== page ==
In relation to the numerous ethical, legal and practical concerns that relate to a job applicant’s Facebook profile, the authors provides pertinent information on the most controversial rationales behind organisations opting to adopt Facebook; popularly ascertained to be privacy-related. Some of the most notable reasons given include; inaccurate tags and posts that could provide inaccurate information of the applicant; the possibility of misinterpreting information from Facebook pages hence employers being biased on their selection process; as well as the legality of invading one’s personal life without their immediate consent. The authors have also managed to cement their arguments with the use of theories. For instance, they have fairly-articulated the social identity theory, which suggests that identity plays a critical role in the interpretation of a job applicant’s information presented within their respective pages. The authors have also used real life case examples of how Facebook groups have been used to present inaccurate and biased information of particular employees without their consent of even knowledge.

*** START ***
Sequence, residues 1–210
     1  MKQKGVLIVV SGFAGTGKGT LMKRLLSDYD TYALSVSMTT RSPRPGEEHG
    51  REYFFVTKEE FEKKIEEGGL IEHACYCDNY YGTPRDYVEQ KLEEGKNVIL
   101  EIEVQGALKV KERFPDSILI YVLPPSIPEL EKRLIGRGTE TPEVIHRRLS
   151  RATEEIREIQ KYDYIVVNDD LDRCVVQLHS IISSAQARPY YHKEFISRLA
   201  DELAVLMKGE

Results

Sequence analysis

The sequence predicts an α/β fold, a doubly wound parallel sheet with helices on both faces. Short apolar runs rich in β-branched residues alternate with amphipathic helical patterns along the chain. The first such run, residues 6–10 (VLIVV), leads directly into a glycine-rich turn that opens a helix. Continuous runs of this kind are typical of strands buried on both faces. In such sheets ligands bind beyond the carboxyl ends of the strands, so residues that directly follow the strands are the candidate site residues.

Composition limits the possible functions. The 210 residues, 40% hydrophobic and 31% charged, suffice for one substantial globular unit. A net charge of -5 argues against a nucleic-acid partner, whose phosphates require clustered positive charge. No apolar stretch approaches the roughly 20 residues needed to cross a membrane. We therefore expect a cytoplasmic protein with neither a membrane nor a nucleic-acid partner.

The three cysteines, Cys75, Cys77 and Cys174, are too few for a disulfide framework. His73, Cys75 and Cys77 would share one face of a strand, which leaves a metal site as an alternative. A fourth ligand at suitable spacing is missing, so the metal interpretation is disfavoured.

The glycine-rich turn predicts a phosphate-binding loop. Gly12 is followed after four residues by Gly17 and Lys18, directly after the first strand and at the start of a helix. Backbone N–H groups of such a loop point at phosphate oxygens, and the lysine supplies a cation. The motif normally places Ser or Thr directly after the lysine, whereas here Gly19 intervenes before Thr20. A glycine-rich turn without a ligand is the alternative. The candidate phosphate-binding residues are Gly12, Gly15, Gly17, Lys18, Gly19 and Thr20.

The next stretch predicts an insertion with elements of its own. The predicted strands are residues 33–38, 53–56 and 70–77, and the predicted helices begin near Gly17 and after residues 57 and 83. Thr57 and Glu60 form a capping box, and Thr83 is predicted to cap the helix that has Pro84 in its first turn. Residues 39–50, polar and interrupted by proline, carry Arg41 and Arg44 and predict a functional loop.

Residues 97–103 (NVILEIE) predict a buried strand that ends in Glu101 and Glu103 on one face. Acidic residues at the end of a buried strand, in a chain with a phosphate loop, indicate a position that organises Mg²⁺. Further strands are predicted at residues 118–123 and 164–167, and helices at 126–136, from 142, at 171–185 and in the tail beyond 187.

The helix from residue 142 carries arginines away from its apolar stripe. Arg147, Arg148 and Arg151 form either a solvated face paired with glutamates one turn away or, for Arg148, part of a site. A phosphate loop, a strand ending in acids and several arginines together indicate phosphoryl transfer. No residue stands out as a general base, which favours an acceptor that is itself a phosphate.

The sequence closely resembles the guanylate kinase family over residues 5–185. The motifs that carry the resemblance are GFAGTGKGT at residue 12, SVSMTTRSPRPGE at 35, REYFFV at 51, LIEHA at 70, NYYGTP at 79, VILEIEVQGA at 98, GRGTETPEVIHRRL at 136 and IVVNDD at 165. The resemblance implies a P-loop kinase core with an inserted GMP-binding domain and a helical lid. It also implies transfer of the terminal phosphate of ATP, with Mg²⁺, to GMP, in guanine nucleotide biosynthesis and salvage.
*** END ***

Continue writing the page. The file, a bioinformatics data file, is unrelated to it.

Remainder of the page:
In my future paper, I would focus on using this information to explore an even extensive research question that relates to how social media platforms continue being used to access the potentiality of recruiting specific job applicants. I will focus on understanding whether organisations take precautions in ensuring to maintain privacy rights of these potential applicants.